On a day when a discussion on India’s Constitution and a tribute to its framer B.R. Ambedkar in the Lok Sabha became a tug of war between the treasury benches and the Congress, Biju Janata Dal (BJD) chief whip Tathagat Satpathy stood out as the one speaker who stressed the point that the Constitution was above all things, a gift that the people of India gave themselves.
“The 16 bloodless elections that we have seen since Independence have proven that the people of our country are saner and wiser than us who claim to represent them,” he said.
Taking on the NDA government, Mr. Satpathy said, “The Home Minister in his speech gave the impression that his government is the one that put a broom in our hands. I come from Odisha, where to entice Lord Jagannath out of his temple, the mightiest King Gajapathi of Odisha has to sweep the courtyard of the Jagannath Temple. It is an old tradition, that emphasises not just cleanliness, but that the ruler must, most of all, be humble to bend before the people. This was not Hinduism but a universal value.”
He took on Mr. Singh on his assertion that secularism was the most misinterpreted word in India. “The word secularism is very well defined in the dictionary. We are a pluralistic country, if that word suits some people, they may use it. Above all, let us not have a myopic view of the word so that when it is translated into Hindi, its meaning becomes perverted, that is not my problem, since I’m not a Hindi speaker,” he said in direct reference to Mr. Singh seeking a different interpretation of secularism.
In an oblique reference to a kind of Hindi-dominated majoritarianism being alleged to be practised by the BJP, Mr. Satpathy said that just because a sizeable number of people think a certain way, it could not be imposed on everyone. “As the DMK used to say on the language debate, if Hindi is to be the national language of India just because a majority speaks it, then the crow should be our national bird, since it is most populous,” he said amid table thumping by members.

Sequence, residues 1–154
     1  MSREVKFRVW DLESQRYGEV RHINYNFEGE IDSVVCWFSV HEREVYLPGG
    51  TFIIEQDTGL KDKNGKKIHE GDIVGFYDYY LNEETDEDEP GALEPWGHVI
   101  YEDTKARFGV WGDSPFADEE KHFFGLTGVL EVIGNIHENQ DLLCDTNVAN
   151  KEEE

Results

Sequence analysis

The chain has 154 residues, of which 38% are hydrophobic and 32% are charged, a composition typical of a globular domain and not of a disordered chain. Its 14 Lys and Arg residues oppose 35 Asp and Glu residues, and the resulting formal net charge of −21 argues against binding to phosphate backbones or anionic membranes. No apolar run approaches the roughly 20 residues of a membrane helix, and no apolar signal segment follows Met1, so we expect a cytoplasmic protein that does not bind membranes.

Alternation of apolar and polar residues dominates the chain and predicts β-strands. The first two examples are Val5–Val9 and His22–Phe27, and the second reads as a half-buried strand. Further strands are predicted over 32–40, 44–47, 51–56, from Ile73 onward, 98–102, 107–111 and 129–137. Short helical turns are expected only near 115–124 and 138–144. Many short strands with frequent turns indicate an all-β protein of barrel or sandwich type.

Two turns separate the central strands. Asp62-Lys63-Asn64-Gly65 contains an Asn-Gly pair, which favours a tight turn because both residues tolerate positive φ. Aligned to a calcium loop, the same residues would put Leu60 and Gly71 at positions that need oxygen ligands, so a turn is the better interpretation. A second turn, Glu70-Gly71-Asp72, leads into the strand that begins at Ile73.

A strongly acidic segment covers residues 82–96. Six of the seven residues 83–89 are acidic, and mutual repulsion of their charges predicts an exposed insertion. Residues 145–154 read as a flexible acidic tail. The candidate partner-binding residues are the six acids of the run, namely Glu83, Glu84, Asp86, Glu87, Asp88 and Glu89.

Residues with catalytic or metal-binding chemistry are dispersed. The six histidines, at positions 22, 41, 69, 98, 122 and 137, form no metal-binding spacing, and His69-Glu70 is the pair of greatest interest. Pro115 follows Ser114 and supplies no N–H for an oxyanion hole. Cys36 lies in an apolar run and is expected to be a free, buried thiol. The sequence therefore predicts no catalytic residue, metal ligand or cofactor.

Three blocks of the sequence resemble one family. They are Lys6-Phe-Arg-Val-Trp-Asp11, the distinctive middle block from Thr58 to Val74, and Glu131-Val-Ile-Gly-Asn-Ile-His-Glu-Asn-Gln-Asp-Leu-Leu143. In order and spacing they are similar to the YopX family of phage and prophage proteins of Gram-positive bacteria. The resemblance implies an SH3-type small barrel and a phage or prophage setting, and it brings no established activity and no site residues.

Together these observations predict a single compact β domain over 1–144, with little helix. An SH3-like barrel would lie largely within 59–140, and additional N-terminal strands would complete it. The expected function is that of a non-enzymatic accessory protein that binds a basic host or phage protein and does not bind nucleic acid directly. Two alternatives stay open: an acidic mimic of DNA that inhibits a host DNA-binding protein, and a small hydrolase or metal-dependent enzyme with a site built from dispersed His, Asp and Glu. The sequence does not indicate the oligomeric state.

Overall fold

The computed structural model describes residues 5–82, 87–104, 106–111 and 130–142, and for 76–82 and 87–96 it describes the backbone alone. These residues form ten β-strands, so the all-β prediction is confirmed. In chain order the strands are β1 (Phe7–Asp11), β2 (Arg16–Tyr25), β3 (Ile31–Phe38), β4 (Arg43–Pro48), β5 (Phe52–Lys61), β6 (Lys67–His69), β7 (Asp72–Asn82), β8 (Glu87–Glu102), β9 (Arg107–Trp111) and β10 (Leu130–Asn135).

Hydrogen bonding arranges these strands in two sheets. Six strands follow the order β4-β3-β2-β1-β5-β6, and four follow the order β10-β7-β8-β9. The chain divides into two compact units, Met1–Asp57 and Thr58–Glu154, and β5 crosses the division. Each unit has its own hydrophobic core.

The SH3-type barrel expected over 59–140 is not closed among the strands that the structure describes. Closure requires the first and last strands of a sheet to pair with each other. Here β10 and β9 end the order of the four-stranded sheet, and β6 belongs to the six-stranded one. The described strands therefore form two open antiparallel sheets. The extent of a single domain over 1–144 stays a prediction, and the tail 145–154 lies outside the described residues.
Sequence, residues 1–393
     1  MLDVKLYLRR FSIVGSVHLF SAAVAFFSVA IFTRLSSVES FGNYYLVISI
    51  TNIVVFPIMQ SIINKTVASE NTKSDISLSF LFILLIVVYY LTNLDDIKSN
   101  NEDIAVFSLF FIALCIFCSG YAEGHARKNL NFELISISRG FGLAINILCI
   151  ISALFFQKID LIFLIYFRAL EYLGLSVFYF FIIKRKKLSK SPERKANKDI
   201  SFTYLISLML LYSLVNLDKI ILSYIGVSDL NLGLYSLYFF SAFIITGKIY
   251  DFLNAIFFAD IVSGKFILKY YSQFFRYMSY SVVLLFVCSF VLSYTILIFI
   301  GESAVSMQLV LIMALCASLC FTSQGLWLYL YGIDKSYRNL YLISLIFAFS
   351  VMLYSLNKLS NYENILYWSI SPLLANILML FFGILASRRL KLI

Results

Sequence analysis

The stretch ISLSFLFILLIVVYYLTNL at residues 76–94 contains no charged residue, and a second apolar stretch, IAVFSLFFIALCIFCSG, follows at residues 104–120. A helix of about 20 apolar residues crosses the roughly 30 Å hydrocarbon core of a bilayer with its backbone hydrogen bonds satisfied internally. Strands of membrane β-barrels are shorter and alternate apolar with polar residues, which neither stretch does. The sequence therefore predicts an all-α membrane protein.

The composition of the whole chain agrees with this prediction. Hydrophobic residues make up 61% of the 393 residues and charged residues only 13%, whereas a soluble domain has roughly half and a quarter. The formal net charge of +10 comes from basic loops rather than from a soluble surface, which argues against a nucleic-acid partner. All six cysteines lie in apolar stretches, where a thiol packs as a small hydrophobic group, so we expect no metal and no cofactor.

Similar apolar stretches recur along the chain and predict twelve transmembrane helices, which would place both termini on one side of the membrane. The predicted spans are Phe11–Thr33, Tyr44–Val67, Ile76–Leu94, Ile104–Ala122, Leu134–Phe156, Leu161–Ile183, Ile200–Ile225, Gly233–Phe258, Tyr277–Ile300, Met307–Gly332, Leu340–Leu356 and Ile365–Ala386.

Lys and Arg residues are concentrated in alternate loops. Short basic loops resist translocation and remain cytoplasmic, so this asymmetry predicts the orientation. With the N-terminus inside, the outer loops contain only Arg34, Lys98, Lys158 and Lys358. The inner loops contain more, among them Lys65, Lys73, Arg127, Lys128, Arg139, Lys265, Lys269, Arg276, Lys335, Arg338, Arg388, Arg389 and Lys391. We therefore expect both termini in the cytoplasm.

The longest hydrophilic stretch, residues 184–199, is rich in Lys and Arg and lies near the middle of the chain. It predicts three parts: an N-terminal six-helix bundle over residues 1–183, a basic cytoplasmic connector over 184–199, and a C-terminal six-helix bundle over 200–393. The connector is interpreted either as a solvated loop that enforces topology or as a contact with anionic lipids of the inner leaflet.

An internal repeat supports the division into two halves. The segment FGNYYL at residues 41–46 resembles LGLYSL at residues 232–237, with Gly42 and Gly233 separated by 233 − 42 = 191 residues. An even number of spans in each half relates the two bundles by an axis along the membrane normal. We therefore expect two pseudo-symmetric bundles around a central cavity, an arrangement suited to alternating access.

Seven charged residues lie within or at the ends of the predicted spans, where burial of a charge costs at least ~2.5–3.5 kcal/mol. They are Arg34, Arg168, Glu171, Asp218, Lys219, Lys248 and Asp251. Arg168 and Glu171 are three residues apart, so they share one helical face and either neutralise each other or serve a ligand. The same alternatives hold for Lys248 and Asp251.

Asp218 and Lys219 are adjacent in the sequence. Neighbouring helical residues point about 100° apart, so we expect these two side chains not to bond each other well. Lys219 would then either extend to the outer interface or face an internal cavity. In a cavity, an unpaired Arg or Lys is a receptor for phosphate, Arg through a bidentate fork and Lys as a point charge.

Referring to the 1861 Police Act that still was in force, Mr. Satpathy said that it encapsulated the journey that the rulers of the country were yet to take. “We have been a sovereign country for the last 60 years but never has this House decided to discuss this Act, that was devised by a colonial power to ensure strict control over its subjects. Let us give more freedom to our people, we must learn to trust our people,” he said.
‘Still a long way to go’
“Let us all admit that we are very long way from giving justice to every Indian, it is not yet time for us to be smug, and claim that we are a world power, we are nowhere near that. We are a great country but until we are able to reach individuals we won’t be a world power,” he said.